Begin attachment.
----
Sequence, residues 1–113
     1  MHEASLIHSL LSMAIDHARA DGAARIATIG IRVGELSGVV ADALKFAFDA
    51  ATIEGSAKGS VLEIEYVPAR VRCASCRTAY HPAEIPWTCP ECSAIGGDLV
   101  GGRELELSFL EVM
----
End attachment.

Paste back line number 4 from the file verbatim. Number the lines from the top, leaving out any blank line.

   101  GGRELELSFL EVM